Learn more about impaction of the wisdom tooth
Learn more about impaction of the wisdom tooth
Impacts of the wisdom tooth
The wisdom tooth is the last large tooth at the end of the mouth. If the wisdom tooth does not have enough space to expel, it will not expel normally and some or all of it will remain under the gum. Because wisdom teeth are the last permanent teeth to be extracted, they account for the largest percentage of tooth impaction (due to lack of space). Most of us have four wisdom teeth (two at the top and two at the bottom).
Impaction of the wisdom tooth can lead to toothache, damage to adjacent teeth, and other dental problems, although sometimes it may not cause any appearance problems. Also, because it is difficult to reach the back of the tooth, it is usually not cleaned well when brushing, and it may lead to caries, worms or gum infections.
Impacted wisdom teeth should usually be pulled out if they become problematic or appear to be causing problems in the future. To do this, the oral surgeon must remove the impacted wisdom tooth.
Symptoms of impaction of the wisdom tooth
It always does not cause symptoms, but if you get infected, damage neighboring teeth or cause other dental problems, you may experience some of the following symptoms:
Redness or swelling of the gums
Gum tenderness or pressure
Ease of bleeding gums
Edema around the jaw
Feeling unpleasant taste in the mouth
Difficult to open mouth
When to see a doctor?
If you have symptoms on the back of the last big tooth, see your dentist
What Causes of Tooth Impaction?
The wisdom tooth (third molar tooth) stays beneath the gum and inside the jawbone because there is not enough space left for it to grow or grow. These teeth usually age between 17 and 25 years. Some people without any problems have their wisdom teeth aligned with other teeth, but in many cases the mouth does not have enough space to fit the wisdom tooth with the rest of the teeth. This prevents the wisdom tooth from being fully and properly positioned (tooth impaction).
The tooth grows at an angle to the neighboring tooth.
The tooth grows at an angle to the back of the mouth (away from the neighboring tooth).
The tooth grows upward with respect to the neighboring tooth, meaning the wisdom tooth is inserted into the jaw.
The tooth grows upright and resembles other teeth but stuck inside the jawbone and cannot protrude
Complications of impaction of the wisdom tooth
Impaction of the wisdom tooth can cause the following problems:
Damage to Other Teeth - If the wisdom tooth pushes on the second molar (adjacent tooth) in an attempt to eject, it may damage it or increase the chance of infection in the area. This pressure can also cause the teeth to be compressed and tilted, which may require orthodontic treatment.
Cyst - The wisdom tooth grows inside a sac in the jawbone. It may fill with fluid and cause cysts, which can damage the jawbone, teeth and jaw nerves. In rare cases, a tumor (usually non-cancerous) develops. Tissue and bone must be removed to treat the condition.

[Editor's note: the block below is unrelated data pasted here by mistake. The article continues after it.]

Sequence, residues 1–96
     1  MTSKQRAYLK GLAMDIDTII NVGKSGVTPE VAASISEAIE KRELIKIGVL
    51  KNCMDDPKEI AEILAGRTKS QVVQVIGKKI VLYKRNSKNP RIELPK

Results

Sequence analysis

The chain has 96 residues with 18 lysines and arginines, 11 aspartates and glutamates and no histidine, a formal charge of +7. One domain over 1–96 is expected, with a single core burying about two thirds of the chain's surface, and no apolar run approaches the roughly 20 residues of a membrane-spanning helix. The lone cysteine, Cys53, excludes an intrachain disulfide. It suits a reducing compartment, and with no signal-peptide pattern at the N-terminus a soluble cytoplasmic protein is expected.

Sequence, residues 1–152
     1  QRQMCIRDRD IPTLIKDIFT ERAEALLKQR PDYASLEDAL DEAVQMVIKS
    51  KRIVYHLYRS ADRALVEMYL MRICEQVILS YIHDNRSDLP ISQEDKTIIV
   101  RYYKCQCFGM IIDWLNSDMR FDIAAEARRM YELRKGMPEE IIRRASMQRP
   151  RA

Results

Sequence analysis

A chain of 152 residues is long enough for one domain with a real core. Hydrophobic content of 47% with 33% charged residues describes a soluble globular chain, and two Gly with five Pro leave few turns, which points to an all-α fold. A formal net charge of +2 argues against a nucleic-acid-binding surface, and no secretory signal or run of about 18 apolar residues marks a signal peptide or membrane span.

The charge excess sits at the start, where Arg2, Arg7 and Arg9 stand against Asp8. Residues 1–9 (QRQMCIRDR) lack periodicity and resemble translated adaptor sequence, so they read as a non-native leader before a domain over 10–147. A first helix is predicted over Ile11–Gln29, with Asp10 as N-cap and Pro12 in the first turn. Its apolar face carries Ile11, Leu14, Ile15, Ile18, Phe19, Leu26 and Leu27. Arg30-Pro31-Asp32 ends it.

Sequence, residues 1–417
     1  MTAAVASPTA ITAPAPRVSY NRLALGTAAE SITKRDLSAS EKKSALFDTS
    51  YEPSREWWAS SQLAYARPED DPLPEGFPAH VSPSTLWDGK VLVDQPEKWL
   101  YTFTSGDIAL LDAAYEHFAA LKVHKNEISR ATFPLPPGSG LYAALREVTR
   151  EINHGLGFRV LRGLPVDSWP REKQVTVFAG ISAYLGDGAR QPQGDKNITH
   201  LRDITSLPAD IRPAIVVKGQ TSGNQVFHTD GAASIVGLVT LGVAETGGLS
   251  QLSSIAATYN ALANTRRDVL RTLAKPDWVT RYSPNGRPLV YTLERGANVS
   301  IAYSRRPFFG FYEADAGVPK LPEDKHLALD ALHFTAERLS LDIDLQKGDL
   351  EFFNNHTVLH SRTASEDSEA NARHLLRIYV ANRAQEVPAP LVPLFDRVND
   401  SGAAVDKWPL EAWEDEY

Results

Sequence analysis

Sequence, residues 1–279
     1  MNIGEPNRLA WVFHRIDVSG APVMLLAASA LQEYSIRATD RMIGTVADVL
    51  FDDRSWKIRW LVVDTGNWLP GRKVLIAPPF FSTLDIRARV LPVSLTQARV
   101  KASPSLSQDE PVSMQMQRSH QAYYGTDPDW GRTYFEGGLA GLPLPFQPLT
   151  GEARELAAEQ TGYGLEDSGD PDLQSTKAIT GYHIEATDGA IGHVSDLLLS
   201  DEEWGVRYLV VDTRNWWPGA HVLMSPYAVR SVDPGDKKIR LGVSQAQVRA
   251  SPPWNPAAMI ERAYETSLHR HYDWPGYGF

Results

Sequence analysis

Tooth decay - If the wisdom tooth is partially exposed, it is more likely to decay. This is because it makes it harder to clean this part of the mouth and the food and bacteria in the area can easily gather.
Inflammation or gum infection - The problem of cleaning the impacted tooth can increase the chance of gum infection. Peri-cronitis (painful gingivitis around the wisdom tooth) may occur
Preventing Complications of wisdom tooth
You cannot prevent the wisdom tooth from occluding, but an X-ray image of the gum can be used to prevent it from happening. Many regular oral and dental examinations can help prevent many oral problems. The dentist checks the status of the wisdom tooth in each check to make sure there is no problem or if treatment is predicted to occur, timely treatment.
Diagnosis of wisdom tooth impaction
The mouth is first examined for clinical signs. You will also be asked for symptoms. An X-ray image is taken to examine the tooth under the gum and inside the jawbone. This photo shows if the adjacent teeth are damaged or may be damaged
Treatment of impaction of the wisdom tooth
If you have a latent tooth that needs treatment, it is usually a tooth surgery. If surgery is complicated or there is a high likelihood of surgical complications, you should see an oral surgeon.
Impacted wisdom tooth without pain and symptom
If your tooth does not cause any symptoms and does not cause any problems, the tooth is called asymptomatic. Some dentists recommend that asymptomatic wisdom teeth be extracted to prevent future problems as they believe that asymptomatic wisdom teeth are not necessarily problem free.
If there is not enough room to remove it, it is often difficult to clean and there is a high risk of tooth decay and gum infection. Serious dental complications are less common in young people. Dentists who believe in wisdom tooth extraction say that the wisdom of having a wisdom tooth extraction is getting harder and it is much more difficult in people who are older.
But some dentists recommend a more conservative approach, meaning that if there is no evidence that the impacted tooth is causing a problem in the future, there is no need to stretch. The costs and risks of surgery in these cases do not equal the benefits of doing so. In a conservative way, the dentist only monitors the condition of the wisdom tooth and the surrounding tissues, and only if the tooth appears to be a problem.